Social Media Use and Mental Health among Young Adults

  • Chloe Berryman
  • Christopher J. Ferguson
  • Charles Negy
Original Paper

Abstract

In recent years many parents, advocates and policy makers have expressed concerns regarding the potential negative impact of social media use. Some studies have indicated that social media use may be tied to negative mental health outcomes, including suicidality, loneliness and decreased empathy. Other studies have not found evidence for harm, or have indicated that social media use may be beneficial for some individuals. The current correlational study examined 467 young adults for their time spent using social media, importance of social media in their lives and tendency to engage in vaguebooking (posting unclear but alarming sounding posts to get attention). Outcomes considered included general mental health symptoms, suicidal ideation, loneliness, social anxiety and decreased empathy. Results indicated that social media use was not predictive of impaired mental health functioning. However, vaguebooking was predictive of suicidal ideation, suggesting this particular behavior could be a warning sign for serious issues. Overall, results from this study suggest that, with the exception of vaguebooking, concerns regarding social media use may be misplaced.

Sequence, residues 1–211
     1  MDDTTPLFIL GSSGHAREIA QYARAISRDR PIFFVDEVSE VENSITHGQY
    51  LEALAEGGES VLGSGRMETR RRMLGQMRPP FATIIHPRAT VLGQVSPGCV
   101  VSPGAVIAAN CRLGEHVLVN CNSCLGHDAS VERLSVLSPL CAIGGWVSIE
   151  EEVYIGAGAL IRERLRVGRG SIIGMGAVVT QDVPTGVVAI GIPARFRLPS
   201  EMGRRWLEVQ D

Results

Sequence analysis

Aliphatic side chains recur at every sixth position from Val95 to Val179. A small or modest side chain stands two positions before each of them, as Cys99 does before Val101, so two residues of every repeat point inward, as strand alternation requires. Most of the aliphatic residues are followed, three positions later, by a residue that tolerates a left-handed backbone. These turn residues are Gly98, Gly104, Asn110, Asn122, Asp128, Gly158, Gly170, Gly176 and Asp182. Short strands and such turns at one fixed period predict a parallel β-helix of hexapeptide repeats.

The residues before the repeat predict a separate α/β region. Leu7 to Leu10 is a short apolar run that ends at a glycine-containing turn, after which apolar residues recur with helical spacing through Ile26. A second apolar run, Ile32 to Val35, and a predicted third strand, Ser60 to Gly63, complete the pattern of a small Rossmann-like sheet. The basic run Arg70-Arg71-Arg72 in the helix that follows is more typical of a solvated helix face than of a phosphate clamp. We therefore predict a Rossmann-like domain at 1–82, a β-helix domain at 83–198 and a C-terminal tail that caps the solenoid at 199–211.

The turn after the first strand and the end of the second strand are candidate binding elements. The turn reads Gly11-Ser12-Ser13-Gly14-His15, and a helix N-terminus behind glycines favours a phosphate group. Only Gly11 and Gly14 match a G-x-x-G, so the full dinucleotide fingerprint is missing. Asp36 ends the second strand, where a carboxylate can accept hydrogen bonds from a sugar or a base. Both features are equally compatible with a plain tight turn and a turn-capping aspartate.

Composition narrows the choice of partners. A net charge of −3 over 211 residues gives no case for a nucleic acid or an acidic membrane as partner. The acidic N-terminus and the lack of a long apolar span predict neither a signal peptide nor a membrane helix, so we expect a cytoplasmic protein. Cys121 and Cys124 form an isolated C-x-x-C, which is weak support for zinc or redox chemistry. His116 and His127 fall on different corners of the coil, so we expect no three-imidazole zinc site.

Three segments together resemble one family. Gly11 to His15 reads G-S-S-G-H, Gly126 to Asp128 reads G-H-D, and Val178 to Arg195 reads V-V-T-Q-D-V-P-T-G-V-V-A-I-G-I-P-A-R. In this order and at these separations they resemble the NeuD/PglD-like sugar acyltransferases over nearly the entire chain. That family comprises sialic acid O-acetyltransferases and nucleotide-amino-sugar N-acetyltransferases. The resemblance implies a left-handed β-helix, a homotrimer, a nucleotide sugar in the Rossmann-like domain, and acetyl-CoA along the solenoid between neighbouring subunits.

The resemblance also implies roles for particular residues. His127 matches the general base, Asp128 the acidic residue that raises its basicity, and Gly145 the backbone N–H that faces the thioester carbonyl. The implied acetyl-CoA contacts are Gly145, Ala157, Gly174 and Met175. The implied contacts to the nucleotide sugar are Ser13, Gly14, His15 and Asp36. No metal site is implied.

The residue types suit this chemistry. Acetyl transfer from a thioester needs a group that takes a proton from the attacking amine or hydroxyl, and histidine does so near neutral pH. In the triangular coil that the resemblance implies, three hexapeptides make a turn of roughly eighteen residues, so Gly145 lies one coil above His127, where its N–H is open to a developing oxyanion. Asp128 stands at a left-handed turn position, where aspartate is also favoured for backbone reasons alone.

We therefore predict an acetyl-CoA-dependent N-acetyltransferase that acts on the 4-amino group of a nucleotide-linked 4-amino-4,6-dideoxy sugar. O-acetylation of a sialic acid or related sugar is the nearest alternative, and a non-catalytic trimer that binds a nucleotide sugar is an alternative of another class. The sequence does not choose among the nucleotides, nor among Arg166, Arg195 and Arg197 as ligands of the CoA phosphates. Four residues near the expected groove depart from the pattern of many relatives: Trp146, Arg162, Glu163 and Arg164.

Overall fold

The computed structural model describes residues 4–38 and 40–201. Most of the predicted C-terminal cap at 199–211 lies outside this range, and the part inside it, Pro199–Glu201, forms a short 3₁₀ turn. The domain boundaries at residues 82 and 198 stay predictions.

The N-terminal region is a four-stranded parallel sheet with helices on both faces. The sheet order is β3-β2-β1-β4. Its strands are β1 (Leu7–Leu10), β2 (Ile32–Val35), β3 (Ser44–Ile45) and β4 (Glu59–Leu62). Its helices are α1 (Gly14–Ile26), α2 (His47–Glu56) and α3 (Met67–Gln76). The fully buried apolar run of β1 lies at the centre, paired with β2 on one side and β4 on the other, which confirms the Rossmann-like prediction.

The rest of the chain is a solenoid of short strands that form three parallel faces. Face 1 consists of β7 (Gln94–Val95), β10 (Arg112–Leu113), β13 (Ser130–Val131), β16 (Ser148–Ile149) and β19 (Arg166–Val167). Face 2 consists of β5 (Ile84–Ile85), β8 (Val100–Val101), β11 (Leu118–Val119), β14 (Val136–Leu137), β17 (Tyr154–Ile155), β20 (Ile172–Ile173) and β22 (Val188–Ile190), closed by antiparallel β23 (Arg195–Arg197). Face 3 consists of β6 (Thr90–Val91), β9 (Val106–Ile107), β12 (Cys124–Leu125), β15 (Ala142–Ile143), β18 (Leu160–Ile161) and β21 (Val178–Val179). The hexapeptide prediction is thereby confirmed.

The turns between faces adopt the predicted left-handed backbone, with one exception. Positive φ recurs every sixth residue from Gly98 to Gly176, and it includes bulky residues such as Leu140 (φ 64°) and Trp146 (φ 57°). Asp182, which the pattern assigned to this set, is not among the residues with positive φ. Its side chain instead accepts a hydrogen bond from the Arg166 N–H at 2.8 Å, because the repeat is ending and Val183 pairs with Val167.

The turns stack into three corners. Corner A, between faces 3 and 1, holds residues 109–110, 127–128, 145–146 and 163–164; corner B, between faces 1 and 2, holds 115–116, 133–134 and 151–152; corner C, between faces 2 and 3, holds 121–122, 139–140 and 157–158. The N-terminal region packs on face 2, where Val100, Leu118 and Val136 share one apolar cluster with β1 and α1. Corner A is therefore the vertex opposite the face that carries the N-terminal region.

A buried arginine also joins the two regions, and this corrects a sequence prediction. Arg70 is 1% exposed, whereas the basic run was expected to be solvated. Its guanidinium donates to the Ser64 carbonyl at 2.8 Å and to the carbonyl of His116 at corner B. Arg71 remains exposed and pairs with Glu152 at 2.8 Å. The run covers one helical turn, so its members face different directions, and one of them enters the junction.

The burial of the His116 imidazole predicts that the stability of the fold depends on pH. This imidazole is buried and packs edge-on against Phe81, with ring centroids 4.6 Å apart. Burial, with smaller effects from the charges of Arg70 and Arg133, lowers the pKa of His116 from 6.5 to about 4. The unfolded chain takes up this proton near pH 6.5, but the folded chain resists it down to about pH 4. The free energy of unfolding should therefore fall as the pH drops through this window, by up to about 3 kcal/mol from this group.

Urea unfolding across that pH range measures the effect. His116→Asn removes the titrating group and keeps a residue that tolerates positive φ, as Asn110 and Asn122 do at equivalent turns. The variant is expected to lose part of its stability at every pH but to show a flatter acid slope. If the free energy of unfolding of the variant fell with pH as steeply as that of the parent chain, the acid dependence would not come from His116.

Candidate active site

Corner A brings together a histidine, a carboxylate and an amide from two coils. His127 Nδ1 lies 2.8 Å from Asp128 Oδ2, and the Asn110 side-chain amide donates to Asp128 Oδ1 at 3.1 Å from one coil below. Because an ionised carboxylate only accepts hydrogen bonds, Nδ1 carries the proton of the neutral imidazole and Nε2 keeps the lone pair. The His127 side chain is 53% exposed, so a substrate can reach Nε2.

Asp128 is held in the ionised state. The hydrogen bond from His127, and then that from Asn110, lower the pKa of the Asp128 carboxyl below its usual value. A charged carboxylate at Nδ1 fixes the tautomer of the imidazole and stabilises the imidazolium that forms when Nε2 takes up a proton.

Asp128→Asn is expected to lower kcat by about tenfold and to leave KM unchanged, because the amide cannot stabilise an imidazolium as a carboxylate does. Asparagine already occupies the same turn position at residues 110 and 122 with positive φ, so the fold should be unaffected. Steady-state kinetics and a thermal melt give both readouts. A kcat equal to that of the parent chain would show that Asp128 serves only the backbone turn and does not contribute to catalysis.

Keywords

Social media Mental health Suicide Empathy Vaguebooking 

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Copyright information

© Springer Science+Business Media, LLC 2017

Authors and Affiliations

  • Chloe Berryman
    • 1
  • Christopher J. Ferguson
    • 2
  • Charles Negy
    • 1
  1. 1.University of Central FloridaOrlandoUSA
  2. 2.Stetson UniversityDeLandUSA

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